“It was fun because we kept having faculty and students coming up to us afterwards and telling us how much they enjoyed our act,” Owinyo said. “I think the Monty’s give people the chance to be known. There are people who have legitimate talent and haven’t had the opportunity to connect with a lot of people.”
Students in attendance echoed Owinyo’s sentiment.
“It brings the campus together. The whole TMC community comes out, so it’s a good opportunity to meet people,” said junior Stephanie Ott.
Timothy Caballero, chairman of the event, credits the Monty’s success to the unity of the campus. His goal was to bring the school together, regardless of dorms and majors, for a night of fun.
“It’s different than a typical Friday night,” said Caballero. “Students don’t have to spend any money or plan in advance. They just show up to make easy memories with their friends.”
In the future, the leadership team hopes to see a greater variety of acts participate in the event.
The smell of popcorn begged TMC students to enter the C. W. Smith lounge on the night of March 17. As they walked in, they witnessed C3 Unity’s display of the semester’s S.O.A.Pbox.
Several days before, a poster in the Lower Cafeteria featured the words “CDub going up on a Tuesday.” Another poster pinned on the student board described the meaning of these words, and provided a date and time of the event. With their artistically unique detail, they provided the students with a glimpse of what it was going to be about.
As soon as the students entered the room, a mixture of dim lighting, Christian rap, and popcorn greeted them. There were many new faces, some the students had never seen. The look of curiosity was evident as many of them walked into an unfamiliar event.
Fifteen minutes before the show, TMC student Sam Hebert quietly sat down and rehearsed his lines. Meanwhile others, like senior Paul Alkhato, awaited their turn to approach the mic. As seen on the event posters days before, some students approached the C3 Unity club with a desire to perform, while Steve Ross, the club staff advisor, asked others.
Before the first performer, C3Unity President David Mendoza explained the meaning behind the acronym S.O.A.P. Coined by TMC Alum Edward Robinson, the words stand for sophistically opinionated artistically passionate. This is exactly what C3Unity desired to put on display that evening as it provided students with a medium to express their creativity through poetic verses.
Comprised of a 20 member team, C3 Unity is a multicultural club that celebrates the diversity of the body of Christ as demonstrated in Colossians 3:11. It meets every Friday at 2 p.m., to plan and coordinate events like the S.O.A.Pbox. Stationed forever with ASB, and supported by Ross, Coordinator of Multicultural Student Advancement, it laboriously strives to promote cross cultural relationships.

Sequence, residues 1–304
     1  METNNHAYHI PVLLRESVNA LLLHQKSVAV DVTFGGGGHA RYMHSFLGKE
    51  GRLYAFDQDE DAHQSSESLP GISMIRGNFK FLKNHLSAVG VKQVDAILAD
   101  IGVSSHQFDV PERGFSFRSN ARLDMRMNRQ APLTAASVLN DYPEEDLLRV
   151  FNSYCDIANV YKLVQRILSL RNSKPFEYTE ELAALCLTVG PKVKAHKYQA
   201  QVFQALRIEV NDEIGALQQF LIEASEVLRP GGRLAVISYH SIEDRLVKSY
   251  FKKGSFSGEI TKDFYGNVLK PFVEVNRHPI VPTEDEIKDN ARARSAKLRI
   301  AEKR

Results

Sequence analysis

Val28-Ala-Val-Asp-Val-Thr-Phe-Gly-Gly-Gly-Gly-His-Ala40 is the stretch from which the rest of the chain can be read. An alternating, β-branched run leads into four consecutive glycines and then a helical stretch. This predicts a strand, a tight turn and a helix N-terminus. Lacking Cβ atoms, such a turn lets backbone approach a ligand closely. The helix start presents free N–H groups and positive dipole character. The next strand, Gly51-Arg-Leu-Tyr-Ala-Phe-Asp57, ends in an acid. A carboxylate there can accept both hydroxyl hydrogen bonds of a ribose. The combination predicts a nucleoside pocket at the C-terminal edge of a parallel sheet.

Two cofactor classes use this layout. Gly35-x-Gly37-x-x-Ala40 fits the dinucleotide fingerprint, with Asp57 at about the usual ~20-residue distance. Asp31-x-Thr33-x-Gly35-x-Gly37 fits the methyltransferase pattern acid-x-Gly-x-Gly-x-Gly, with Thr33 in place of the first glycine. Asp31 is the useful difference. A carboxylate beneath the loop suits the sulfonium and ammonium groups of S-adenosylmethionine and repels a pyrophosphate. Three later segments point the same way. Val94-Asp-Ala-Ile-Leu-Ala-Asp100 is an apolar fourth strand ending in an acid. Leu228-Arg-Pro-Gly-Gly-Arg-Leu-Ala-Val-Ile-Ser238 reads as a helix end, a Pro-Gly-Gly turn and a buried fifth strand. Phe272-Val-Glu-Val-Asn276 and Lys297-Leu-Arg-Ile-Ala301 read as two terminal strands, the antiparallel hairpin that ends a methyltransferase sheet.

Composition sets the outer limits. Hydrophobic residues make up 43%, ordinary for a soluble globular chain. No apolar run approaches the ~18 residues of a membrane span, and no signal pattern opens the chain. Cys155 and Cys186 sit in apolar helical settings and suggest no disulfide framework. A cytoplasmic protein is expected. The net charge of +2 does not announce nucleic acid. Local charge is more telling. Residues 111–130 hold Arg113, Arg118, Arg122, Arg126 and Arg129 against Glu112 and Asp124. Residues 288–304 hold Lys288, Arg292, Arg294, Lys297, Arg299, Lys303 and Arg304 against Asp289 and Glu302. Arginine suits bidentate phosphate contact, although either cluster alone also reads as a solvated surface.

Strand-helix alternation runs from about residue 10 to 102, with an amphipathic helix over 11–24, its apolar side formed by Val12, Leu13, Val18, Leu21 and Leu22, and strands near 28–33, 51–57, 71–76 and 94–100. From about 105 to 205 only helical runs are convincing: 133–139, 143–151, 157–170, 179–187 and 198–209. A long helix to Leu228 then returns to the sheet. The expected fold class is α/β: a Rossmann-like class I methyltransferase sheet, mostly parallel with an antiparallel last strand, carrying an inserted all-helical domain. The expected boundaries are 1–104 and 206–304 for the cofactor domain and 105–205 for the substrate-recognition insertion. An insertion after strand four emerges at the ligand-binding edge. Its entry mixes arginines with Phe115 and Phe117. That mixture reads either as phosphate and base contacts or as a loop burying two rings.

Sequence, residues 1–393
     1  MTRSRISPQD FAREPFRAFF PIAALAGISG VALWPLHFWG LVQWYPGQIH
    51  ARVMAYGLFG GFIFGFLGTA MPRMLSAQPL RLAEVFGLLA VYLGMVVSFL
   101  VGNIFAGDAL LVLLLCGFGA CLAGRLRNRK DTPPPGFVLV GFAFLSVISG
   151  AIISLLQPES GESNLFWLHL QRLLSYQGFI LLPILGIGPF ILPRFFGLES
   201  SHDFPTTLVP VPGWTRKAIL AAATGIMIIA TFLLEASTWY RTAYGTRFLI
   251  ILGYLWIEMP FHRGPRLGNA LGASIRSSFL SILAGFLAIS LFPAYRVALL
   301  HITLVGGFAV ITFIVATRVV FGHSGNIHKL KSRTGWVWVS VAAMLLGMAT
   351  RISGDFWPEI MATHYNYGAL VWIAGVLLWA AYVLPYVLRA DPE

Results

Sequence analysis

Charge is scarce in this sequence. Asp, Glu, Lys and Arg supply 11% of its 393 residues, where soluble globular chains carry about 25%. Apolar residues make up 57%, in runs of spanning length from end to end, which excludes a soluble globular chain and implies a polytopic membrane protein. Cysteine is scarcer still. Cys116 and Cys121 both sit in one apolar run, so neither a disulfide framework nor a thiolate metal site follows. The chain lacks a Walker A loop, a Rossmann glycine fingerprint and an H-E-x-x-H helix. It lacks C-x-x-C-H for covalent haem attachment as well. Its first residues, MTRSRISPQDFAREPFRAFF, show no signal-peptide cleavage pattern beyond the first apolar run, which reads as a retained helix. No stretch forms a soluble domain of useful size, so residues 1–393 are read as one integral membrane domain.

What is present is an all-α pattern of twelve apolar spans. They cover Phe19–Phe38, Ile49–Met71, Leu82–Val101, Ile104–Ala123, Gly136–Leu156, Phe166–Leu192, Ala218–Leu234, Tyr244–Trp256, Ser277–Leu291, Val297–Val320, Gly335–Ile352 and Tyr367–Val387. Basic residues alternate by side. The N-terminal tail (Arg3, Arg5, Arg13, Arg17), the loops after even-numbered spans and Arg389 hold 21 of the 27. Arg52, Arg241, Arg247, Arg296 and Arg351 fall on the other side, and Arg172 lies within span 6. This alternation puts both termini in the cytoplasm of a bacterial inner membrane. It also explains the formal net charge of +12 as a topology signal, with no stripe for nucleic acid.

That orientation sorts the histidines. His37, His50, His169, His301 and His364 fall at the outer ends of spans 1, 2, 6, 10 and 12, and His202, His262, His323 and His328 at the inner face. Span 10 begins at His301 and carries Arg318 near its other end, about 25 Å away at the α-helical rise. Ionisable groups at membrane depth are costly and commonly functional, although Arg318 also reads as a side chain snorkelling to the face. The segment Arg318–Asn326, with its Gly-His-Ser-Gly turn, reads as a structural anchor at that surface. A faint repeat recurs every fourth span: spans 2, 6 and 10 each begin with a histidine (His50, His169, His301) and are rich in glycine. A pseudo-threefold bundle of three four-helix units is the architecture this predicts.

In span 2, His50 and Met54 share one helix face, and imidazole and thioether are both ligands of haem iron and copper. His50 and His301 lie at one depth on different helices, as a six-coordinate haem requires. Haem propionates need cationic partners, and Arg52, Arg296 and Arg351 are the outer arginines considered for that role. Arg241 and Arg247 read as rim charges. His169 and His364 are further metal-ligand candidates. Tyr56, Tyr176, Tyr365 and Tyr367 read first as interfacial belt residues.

“C3 Unity celebrates the barrier breaking power of the gospel… It also celebrates the unity in the body of Christ with a focus on the Christian witness,” Ross said.
This club desires to get the whole school to be a part of events in which the atmosphere might be possibly unknown to many. For example, students like Alkhato, a communication major, were able to express their creativity.
“We’re trying to get new faces to come out. It’s an open club and we want everyone to join,” said C3Unity member, Sarah Hutchinson.
Snapping after each performance, and attention were required as the students munched on their nachos, and watched the first performer approach the mic. Troy Christmas began the night by speaking about the gospel in the sense of our depravity, and was followed by Simeon Washington who shared his personal testimony.
After several acts, there was an intermission, which permitted the students to socialize, eat more free food and purchase a Smiths Smoothie.
The night ended with Nick Bravo, one of the guest speakers who Ross asked to perform. God’s greatness was the focus of the event. Bravo tied it back to the talents we do possess, and the origin of those.
“We tend to worship men that exercise His power,” said Bravo.
It was lines like these that caught Brittany Anderson’s attention that night. A faithful attendee of the S.O.A.P.boxes.
“I love S.O.A.P.boxes because I don’t get to listen to them very often,” she said. “I am always blessed by [them]. I often hear people say S.O.A.P.boxes are boring…but that kinda discourages me. All you have to do is listen to the words the speakers are saying. I wish the whole school would have been here.”
Just like Anderson, C3Unity C3 desires to integrate the student body in a creative way, through its S.O.A.Pbox.
This summer, The Master’s College will be hosting athlete delegations from The Faroe Islands, Malaysia, the Philippines and El Salvador, that will be competing in the 2015 Summer Special Olympics World Games held in Los Angeles.
The Special Olympics are an international program designed for people with mental or physical disabilities to compete in athletics. The World Games are returning to L.A. for the first time since 1972 and will be the largest humanitarian sports event in the world this year.
Over 100 host towns surrounding L.A., including Santa Clarita, have been selected by the Special Olympics to host over 7,000 athletes and 3,000 coaches from 177 countries to help acclimate them to life in the United States.
The Master’s College was originally contacted by the Special Olympics host town program to see if it was available to house athletes. After processing the information and working out their schedule, the college committed to opening campus housing to athletes from the four countries.
TMC Director of Global Outreach, Dr. Lisa LaGeorge, is handling most of the logistics involved in hosting the athletes. She formed a Global Outreach (GO) team composed of students to serve before and during the World Games.
“Because we’ve sent a disability team the last several years it seemed like a good year for us to work with Special Olympics here,” LaGeorge says. “This was one way we could not only reach into a disability community but we could also reach into our community.”